“The [macro]economy can bounce back fairly quickly. It’s the workers that take time. That’s one of the other lessons from 2008. It took more than 10 years to put America fully back to work relative to where they were before the crisis,” Kashkari said on 60 Minutes in March. “That’s what we have to try to avoid—having these mass layoffs. We can’t have another 10-year recovery.”
Covid-19 has effectively created a national hiring freeze.
As the crisis hit businesses everywhere, unemployment filings skyrocketed, but some businesses saw strong increases and demand and pledged to hire thousands. Health, e-commerce, grocers, and any business needing drivers put out the call for new employees. Amazon touted plans to hire 100,000 employees for its warehouse and delivery operations, while boosting pay $2 an hour for workers across the U.S.
“We’re seeing an uptick in medical positions and drivers,” says an office manager at a Twin Cities staffing agency, who asked not to be named, even as layoffs swirled elsewhere.
Target Corp. subsidiary Shipt, a same-day delivery service, announced plans to hire 2,000 “shoppers” in the Twin Cities. Shipt handles deliveries for retailers besides Target. Per the company’s announcement, “Given the current environment, Shipt is enabling ‘social distancing’ by encouraging shoppers to complete deliveries by dropping orders at the door, avoiding physical contact.”
The state already faced a shortage of home health care workers. Kathy Messerli, executive director of the Minnesota HomeCare Association, says that Covid-19 is exacerbating the problem. “We need people more than ever. People are being told, ‘We don’t want you in the hospital.’ If you need care, then you need a home care provider. We need workers, we need equipment.”
Woodbury-based Kowalski’s Markets boosted hiring in response to the increase in grocery demand. The company typically hires about 60 people per month, but has started hiring an additional six to 10 people. “For all of our hiring needs, we have worked on reaching out to restaurant employees that are in layoff and have had a good amount of interest,” says chief operating officer Mike Oase.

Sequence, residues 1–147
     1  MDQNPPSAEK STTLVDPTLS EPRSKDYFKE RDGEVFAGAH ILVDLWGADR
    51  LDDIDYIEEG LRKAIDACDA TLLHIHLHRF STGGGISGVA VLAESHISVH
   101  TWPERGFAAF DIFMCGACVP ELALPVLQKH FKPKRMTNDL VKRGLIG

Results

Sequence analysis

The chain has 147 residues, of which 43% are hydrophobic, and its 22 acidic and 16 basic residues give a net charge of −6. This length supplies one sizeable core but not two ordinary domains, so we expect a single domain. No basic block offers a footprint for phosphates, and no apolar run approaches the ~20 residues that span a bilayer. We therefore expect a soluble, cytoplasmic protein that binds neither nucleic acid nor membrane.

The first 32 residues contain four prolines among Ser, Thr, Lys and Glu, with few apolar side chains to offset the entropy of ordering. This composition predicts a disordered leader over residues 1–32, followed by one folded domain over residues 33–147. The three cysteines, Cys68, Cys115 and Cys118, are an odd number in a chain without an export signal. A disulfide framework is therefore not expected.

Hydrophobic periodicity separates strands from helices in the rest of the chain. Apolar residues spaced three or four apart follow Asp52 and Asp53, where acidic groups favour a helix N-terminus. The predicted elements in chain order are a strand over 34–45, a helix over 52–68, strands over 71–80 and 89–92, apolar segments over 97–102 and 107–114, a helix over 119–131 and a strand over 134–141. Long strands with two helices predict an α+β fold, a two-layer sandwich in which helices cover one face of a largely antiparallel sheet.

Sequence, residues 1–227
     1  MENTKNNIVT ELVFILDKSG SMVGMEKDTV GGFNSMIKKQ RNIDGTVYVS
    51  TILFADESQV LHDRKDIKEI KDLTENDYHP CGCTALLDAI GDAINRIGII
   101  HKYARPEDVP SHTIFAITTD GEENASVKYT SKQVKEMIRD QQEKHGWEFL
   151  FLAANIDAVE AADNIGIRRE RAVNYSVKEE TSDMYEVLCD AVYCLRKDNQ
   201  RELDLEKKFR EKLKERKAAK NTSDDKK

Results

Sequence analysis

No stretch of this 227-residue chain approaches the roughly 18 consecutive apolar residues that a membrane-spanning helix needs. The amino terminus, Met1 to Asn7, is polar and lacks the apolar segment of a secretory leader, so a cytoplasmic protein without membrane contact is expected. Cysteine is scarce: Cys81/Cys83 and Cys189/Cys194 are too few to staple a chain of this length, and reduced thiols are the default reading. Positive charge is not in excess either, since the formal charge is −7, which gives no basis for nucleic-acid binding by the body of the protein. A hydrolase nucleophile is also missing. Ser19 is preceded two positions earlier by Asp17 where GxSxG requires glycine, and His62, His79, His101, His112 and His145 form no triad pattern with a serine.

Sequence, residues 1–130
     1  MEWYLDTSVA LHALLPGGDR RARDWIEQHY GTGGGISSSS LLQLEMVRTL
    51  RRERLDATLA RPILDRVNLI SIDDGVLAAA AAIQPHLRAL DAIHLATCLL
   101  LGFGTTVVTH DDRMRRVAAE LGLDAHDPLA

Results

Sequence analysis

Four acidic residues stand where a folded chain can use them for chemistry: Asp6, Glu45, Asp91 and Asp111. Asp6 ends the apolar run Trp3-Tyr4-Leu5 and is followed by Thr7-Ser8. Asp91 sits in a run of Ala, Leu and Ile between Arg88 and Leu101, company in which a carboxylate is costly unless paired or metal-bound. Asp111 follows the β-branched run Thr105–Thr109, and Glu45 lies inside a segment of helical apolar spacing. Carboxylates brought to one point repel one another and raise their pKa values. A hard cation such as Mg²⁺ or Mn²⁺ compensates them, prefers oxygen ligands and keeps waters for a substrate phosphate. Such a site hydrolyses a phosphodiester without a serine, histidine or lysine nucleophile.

Solid demand is also expected for technology workers. Mike Wolbrink, president of Eagan-based Azule Cyber, sees an ongoing demand for cybersecurity workers. “We’re busy all the time. This hasn’t slowed us down at all,” he says, noting that Minnesota has 6,000 open cybersecurity jobs.
“Unemployment in IT in the Twin Cities is basically zero,” says Jeff Tollefson, president and CEO of the Minnesota Tech Association. “We’re not seeing a slowdown … we have not seen any indication of a contraction.”
Minnesota unemployment rate February 2020: 3.1 percent
National unemployment rate February 2020: 3.5 percent
Minnesota jobs added 2019: 3,978
Minnesota job growth rate 2019: 0.1 percent
National job growth rate 2019: 1.4 percent
Number of Minnesotans employed December 2019: 2,972,914
At worst, he says, there might be a brief pause in companies looking to add staff. Tollefson notes that workers in many kinds of companies are increasingly reliant on technology to work from home. He says that expertise in artificial intelligence, cybersecurity, data analytics, and cloud computing remain marketable skills.
“I think a lot of these skill sets are still going to be in demand,” Tollefson says. “You can begin a career in the IT world without necessarily having to get a bachelor’s degree.”
Tollefson notes that starting pay for many IT jobs are at least $80,000.
The state’s medical industry also appears to be on solid ground.
“We’re not seeing layoffs or unemployment being an emerging issue,” says Shaye Mandle, president and CEO of the Medical Alley Association, a trade group for the state’s health care companies. “Most of our companies are focused on Covid-19. You have the entire health care ecosystem focused on this issue.”